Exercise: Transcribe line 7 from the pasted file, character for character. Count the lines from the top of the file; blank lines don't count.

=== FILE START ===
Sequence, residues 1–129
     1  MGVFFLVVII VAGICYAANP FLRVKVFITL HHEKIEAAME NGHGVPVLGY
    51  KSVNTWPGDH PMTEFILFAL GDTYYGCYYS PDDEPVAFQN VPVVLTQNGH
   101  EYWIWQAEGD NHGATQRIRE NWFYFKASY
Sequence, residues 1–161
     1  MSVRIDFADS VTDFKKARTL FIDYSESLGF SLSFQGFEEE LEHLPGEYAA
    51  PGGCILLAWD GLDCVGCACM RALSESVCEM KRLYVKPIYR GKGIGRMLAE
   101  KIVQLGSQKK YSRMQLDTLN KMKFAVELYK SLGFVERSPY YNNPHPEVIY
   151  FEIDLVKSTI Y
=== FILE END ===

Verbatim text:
    51  PGGCILLAWD GLDCVGCACM RALSESVCEM KRLYVKPIYR GKGIGRMLAE